The best way to achieve your near-term and long-term financial goals is create a balanced financial plan and then to follow through with your plan, making necessary adjustments as circumstances change. The components of a balanced financial plan include budgeting, saving, retirement planning, investing, insurance, and estate planning.


Budgeting is one of the foundations of any financial plan. It is all about cash flow: how much cash you have coming in and how you allocate that cash. Creating both a near-term budget (for the next year) and a long-term budget (for the next five years) can be a useful exercise. Start with a snapshot of your current situation: determine how much income you have and where it is going, including living expenses (food, utilities, telephone, cable, etc.), debt payments, transportation costs, insurance premiums, and savings. Then project your budget forward. For a longer term budget, be sure to take into account any large purchases you anticipate, such as a new car or appliances. This budget is the framework that will you help you complete your larger financial plan, since it will tell you how much money you have, once your basic needs are met, to allocate to other financial priorities.


One or more line items on your budget should be related to saving. You may need to save for emergencies, for education, for a home or other major purchase and for retirement. The keys to saving are to identify your goals, to develop a plan to achieve them and then to start setting money aside consistently until you get there.

Retirement Planning

One major aspect of the saving component of your financial plan is retirement planning. Although retirement planning involves more than just saving, for many Americans, saving is the cornerstone of a comfortable retirement, because they may not have a traditional pension to fall back on. The sooner you begin saving for retirement the better, since, the longer your money has to grow, the bigger your retirement account balance will be when you need it. If you have an employer-sponsored retirement plan with an employer match, contributing enough to the plan to at least earn the match can be a great way to jump start your retirement plan.


Once you start building your savings, you will need to invest the money you have set aside so that it can grow for you over time. How you invest it will depend on a number of factors including your risk tolerance and when you will need it. Money that you will or may need soon, such as money in an emergency fund, should be in liquid, safe investments even though their returns may be low. On the other hand, if you have 20 years or more until retirement, you could consider taking a bit more risk with some of your retirement funds in order to achieve better long-term returns. Consider forming a new company.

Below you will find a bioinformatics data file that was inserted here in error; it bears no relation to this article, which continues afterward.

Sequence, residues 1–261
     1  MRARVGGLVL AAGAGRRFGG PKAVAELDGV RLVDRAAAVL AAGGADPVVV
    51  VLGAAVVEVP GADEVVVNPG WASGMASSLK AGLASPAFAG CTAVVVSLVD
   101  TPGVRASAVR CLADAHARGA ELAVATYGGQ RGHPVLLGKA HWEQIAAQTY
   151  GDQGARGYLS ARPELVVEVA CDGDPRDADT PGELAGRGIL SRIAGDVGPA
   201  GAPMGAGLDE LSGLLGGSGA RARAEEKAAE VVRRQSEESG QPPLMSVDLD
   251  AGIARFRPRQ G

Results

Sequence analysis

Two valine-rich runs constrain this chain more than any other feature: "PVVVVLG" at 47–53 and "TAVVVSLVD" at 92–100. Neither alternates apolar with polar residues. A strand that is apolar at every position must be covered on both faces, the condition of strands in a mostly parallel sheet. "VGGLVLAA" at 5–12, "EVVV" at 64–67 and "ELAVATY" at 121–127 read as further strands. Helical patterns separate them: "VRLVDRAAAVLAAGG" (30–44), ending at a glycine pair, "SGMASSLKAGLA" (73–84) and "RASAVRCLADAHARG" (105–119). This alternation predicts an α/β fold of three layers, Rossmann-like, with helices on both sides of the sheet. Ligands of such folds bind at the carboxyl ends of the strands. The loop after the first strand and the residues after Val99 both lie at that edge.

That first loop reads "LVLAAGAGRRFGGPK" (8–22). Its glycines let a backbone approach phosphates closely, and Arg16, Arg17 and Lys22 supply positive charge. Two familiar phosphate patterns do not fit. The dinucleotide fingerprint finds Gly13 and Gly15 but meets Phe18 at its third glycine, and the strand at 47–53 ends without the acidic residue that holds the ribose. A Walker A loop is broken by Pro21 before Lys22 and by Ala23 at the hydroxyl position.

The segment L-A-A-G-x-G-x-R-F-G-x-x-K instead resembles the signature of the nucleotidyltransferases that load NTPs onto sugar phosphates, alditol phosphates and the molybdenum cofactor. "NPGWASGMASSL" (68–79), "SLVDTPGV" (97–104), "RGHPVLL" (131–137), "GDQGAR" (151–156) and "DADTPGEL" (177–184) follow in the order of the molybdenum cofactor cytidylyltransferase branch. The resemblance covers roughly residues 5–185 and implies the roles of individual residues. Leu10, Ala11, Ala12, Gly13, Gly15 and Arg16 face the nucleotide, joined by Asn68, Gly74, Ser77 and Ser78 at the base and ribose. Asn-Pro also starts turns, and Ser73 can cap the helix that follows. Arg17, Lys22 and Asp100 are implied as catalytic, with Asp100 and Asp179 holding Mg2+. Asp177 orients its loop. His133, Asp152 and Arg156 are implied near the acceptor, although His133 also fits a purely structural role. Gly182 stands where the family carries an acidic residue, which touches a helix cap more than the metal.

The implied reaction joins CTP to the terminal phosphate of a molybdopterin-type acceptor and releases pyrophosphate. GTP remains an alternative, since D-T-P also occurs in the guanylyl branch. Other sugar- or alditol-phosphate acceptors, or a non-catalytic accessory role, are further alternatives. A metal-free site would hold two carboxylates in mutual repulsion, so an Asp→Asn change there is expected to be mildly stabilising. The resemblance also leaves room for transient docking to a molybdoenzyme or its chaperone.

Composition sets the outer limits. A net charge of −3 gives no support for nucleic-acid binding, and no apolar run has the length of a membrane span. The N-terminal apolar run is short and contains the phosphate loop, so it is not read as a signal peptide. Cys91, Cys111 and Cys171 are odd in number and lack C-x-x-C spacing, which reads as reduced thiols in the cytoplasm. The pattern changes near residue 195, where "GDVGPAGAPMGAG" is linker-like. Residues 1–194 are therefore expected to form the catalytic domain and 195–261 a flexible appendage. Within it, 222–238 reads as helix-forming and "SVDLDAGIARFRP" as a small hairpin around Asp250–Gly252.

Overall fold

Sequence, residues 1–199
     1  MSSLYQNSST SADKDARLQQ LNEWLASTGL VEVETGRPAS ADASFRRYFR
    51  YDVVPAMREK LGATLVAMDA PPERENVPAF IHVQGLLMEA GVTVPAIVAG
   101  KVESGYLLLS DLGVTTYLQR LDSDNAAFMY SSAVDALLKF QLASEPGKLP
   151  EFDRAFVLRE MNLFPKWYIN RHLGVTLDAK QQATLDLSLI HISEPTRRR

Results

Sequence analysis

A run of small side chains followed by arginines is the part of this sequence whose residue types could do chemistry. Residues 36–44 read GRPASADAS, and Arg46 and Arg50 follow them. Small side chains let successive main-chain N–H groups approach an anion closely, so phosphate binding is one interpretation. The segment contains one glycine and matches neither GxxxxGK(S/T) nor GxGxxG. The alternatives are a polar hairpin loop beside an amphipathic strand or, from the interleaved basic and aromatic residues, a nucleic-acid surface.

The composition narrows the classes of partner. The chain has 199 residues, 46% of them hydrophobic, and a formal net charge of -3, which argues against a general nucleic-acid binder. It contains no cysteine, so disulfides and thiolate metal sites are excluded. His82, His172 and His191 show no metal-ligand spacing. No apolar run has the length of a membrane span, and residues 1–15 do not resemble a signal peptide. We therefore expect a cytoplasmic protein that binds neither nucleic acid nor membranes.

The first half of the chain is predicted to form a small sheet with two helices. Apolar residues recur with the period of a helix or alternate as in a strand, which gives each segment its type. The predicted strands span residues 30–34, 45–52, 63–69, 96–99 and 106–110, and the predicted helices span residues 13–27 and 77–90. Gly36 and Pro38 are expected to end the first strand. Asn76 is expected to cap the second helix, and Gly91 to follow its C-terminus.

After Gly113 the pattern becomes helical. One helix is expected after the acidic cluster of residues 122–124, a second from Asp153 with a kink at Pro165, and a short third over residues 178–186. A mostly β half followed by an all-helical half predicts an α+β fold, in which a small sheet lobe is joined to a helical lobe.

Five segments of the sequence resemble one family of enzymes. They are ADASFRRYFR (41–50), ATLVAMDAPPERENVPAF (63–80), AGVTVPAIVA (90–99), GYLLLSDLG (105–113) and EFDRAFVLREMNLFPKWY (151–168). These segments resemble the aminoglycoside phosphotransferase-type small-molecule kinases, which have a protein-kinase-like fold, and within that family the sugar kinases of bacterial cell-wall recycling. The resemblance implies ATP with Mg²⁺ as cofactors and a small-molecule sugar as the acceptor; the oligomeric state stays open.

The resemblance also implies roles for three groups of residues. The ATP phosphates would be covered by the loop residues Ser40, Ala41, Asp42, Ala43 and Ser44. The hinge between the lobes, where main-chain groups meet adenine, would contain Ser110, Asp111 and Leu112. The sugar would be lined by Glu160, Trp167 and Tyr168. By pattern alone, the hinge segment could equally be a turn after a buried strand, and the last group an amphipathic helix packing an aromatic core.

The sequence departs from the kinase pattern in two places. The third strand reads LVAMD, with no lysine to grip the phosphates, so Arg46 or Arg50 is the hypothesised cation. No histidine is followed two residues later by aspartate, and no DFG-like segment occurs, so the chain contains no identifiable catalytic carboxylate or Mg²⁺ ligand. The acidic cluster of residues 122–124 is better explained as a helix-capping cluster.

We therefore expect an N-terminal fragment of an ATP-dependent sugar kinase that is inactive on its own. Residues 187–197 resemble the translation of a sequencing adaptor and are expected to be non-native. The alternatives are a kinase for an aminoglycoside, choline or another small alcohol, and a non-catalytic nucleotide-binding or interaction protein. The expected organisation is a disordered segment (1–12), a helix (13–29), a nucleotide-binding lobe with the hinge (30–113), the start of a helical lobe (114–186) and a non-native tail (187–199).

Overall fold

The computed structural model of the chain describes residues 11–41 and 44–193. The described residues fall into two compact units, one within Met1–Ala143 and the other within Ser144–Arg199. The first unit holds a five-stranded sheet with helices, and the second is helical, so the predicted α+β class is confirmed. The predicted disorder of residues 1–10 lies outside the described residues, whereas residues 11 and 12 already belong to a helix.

Insurance is a critical component of any balanced financial plan, since it can protect you from the uncertainties that otherwise could result in financial disaster. Be sure that you have health insurance, at least for major medical expenses; disability insurance, to protect your income if you are unable to work; renters, homeowners’ and auto insurance to protect your property; and life insurance to protect your family. Other insurance coverage to consider includes umbrella insurance, especially as you net worth increases, and long-term care insurance.

Estate Planning

If you don’t have a lot of assets, you may not feel that estate planning is a necessity. However, at least one aspect of estate planning, preparing a will, applies to you. If you don’t have a will, your assets may not be distributed as you wish and your family may not be protected. You also may want to prepare a living will to set forth your wishes for health care if you are incapacitated and a durable power of attorney for health care to name someone to make health care decisions for you if you can’t do it yourself.

Sources:, Building a Balanced Financial Plan: The Three-Legged Stool

Shae Irving,, The Living Will and Power of Attorney for Healthcare: An Overview

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